These award-winning 2021 graduates will leave behind a lasting legacy on the World Languages Education Program at RIC.
If a Mount Rushmore sculpture were to be created featuring world languages students from Rhode Island College, the faces of Joshua Abreu, Anthony Diebold and Lilly Ngolvorarath would be front and center.
Erin Papa, assistant professor of world languages education at RIC, says she’s confident this trio of 2021 graduates will build upon the impressive track record of success they’ve already accumulated in college.
“They want to go abroad for at least a year and then come back to the United States and teach,” Papa says. “In college, they have worked well together, pushing each other to learn more, ask questions and share with others. In our world languages department, they have formed an amazing professional learning community.”
While at RIC, Ngolvorarath, Diebold and Abreu have tested their language skills by participating in study abroad programs in such locales as Argentina, Portugal and Canada. Later this year, Ngolvorarath and Abreu have plans to teach English in Spain while Diebold is heading to Taiwan, where he was selected to be an English teaching assistant in the prestigious Fulbright Fellowship program.
If not for the pandemic, Abreu would have traveled to Brazil this summer as the first ever RIC student chosen to participate in the equally distinguished U.S. Department of State Critical Language Scholarship (CLS) program, an eight-to-10-week venture that selects only 10 percent of applicants from undergraduate and graduate programs to study one of 15 critical languages.
“I was super excited to receive the email and surprised that I was selected,” says Abreu, who will participate in the program through virtual Zoom courses this summer.
Meanwhile, Diebold is brushing up on his Chinese.
“The idea of the Fulbright Fellowship is to give the Taiwanese students there an authentic experience about what life is like in the United States,” he explains. “One such experience I plan to share with families at the school is how to cook a Rhode Island dish.”
Diebold and Ngolvorarath were named co-recipients of the 2021 Katherine Murray Prize, which honors students who embody the qualities and values that Murray, a former RIC professor in the Department of Secondary Education, sought to instill in her teacher education students. For his commitment to studying Portuguese and Lusophone culture, Abreu was named one of the recipients of the 2021 John A. and Mary V. Lima Memorial Scholarship.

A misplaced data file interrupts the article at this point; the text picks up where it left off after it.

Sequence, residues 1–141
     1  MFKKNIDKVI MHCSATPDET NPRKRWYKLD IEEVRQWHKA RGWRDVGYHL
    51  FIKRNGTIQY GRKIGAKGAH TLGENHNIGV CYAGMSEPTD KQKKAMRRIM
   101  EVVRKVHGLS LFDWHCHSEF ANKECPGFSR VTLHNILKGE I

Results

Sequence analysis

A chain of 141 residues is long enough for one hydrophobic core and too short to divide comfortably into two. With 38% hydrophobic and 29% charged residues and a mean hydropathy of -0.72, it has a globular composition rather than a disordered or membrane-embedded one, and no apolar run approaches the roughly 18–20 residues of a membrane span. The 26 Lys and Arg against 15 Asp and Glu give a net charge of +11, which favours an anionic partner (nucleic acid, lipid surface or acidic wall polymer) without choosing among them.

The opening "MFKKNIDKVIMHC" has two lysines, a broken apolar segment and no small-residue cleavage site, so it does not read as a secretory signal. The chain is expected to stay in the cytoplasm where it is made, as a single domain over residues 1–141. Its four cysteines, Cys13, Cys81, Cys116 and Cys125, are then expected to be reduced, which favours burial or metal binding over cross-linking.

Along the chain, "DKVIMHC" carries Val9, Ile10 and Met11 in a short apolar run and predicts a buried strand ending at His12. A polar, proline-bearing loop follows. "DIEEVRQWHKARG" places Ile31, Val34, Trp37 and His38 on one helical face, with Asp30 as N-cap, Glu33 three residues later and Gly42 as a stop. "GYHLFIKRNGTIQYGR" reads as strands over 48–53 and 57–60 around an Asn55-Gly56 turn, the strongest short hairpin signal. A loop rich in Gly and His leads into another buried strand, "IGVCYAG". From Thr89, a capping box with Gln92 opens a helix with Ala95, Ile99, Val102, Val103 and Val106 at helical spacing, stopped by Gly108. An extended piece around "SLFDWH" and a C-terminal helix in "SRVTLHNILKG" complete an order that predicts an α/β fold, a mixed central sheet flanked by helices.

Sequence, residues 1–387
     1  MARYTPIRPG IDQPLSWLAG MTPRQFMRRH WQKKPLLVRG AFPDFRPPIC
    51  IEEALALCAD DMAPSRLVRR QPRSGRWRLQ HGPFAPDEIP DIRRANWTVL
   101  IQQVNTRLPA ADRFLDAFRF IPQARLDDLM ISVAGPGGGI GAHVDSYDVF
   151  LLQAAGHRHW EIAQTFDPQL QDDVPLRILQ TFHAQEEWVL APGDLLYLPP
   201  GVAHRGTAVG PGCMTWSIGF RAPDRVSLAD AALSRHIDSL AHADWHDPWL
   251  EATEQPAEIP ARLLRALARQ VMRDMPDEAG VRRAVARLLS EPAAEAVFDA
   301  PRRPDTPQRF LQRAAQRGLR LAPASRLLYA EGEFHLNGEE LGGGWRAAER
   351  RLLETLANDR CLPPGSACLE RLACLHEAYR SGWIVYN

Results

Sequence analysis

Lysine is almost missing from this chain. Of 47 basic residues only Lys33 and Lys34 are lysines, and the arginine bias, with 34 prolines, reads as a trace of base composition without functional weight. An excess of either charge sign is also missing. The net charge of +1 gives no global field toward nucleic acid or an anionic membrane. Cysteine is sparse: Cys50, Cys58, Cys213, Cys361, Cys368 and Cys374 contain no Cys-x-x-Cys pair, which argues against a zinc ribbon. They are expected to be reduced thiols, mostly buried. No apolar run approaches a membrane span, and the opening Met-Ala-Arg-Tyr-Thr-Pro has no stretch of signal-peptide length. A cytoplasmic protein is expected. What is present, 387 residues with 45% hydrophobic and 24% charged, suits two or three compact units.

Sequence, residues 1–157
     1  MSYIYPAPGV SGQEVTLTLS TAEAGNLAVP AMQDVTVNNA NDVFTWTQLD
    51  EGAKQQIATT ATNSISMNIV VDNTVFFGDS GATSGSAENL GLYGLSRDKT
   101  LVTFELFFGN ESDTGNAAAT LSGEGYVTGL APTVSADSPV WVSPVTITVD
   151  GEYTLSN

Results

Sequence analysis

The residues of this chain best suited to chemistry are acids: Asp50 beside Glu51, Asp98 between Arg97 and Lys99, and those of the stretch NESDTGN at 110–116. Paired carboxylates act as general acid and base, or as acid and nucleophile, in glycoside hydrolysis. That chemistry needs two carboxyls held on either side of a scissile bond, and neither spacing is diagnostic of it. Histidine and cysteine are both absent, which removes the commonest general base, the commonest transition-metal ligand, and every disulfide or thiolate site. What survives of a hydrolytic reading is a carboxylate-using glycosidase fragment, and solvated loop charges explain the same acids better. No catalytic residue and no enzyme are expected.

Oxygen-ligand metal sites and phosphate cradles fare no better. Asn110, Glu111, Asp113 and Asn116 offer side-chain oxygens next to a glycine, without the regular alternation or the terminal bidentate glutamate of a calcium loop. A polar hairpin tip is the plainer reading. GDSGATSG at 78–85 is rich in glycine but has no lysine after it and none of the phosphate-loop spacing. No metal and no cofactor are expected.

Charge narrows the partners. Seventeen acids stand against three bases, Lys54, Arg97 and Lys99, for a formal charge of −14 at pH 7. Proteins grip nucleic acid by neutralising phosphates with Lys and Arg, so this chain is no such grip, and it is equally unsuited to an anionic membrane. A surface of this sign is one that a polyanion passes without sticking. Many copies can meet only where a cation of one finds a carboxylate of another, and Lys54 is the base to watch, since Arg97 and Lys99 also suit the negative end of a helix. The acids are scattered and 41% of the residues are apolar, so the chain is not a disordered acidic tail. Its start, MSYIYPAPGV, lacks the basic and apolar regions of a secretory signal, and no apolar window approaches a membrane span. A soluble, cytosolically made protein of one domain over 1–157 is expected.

Maricarmen Margenot, a RIC associate professor of Spanish, says she believes the future is bright for Ngolvorarath and Abreu.
“Joshua always impressed me with his intelligence, work ethic and tenacity to achieve his goals,” Margenot says. “I have no doubt he will be a gifted and model educator. With regards to Lilly, she is passionate about her discipline while also poised and persuasive. Her curiosity about other cultures is admirable but above all, she’s a compassionate and kind human being.”
Chiara Falangola, a RIC associate professor of French and Italian, shared equally glowing remarks about Diebold.
“Anthony is without a doubt the best student of French language and literature I’ve ever had,” Falangola says. “His critical and analytical abilities, as well as his clarity in his written assignments, are definitely at the level of a graduate student. He’s also a terrific French tutor and a wonderful, empathic human being.”
Each of these distinguished World Languages grads pay homage to this mantra: learning multiple languages is critical for success. While an estimated 60 percent of the world speaks at least two languages, in America that number is precipitously lower, with less than 20 percent speaking a second language.
Ngolvorarath is calling for swift reform.
“Language can build community,” she says. “Schools want their students to become global citizens so everyone should be open to learn new ways to teach, and to know that changes come with time.”
Diebold says that change is apparent in Rhode Island and beyond.
“In Providence multiple languages are spoken, from French to Portuguese, and that shows students that language is relevant in their lives,” he says.
Abreu adds that learning multiple languages is increasingly valued in the job market.
“From business to accounting, in virtually any field, the ability to know languages sets you apart from others,” he says. According to a U.S. Bureau of Labor Statistics report, jobs in the fields of translation and interpretation are the fastest growing occupations in the U.S., with an anticipated growth rate of 19 percent over the next decade.
As this trio of future educators moves on to begin their careers, they collectively paused to applaud World Languages Education program’s recent makeover, which calls for a semester for students to study abroad.
“Every student should get that type of hands-on experience to study abroad,” Ngolvorarath says.
And Abreu says he’s confident that the world languages program will retain its community-type of feeling.
“The end result of this program is to graduate students who are in love with what they want to do,” Abreu says. “It’s an intense program that will weed out those who aren’t really serious. Lilly, Anthony and I leaned on each other’s knowledge to get through.”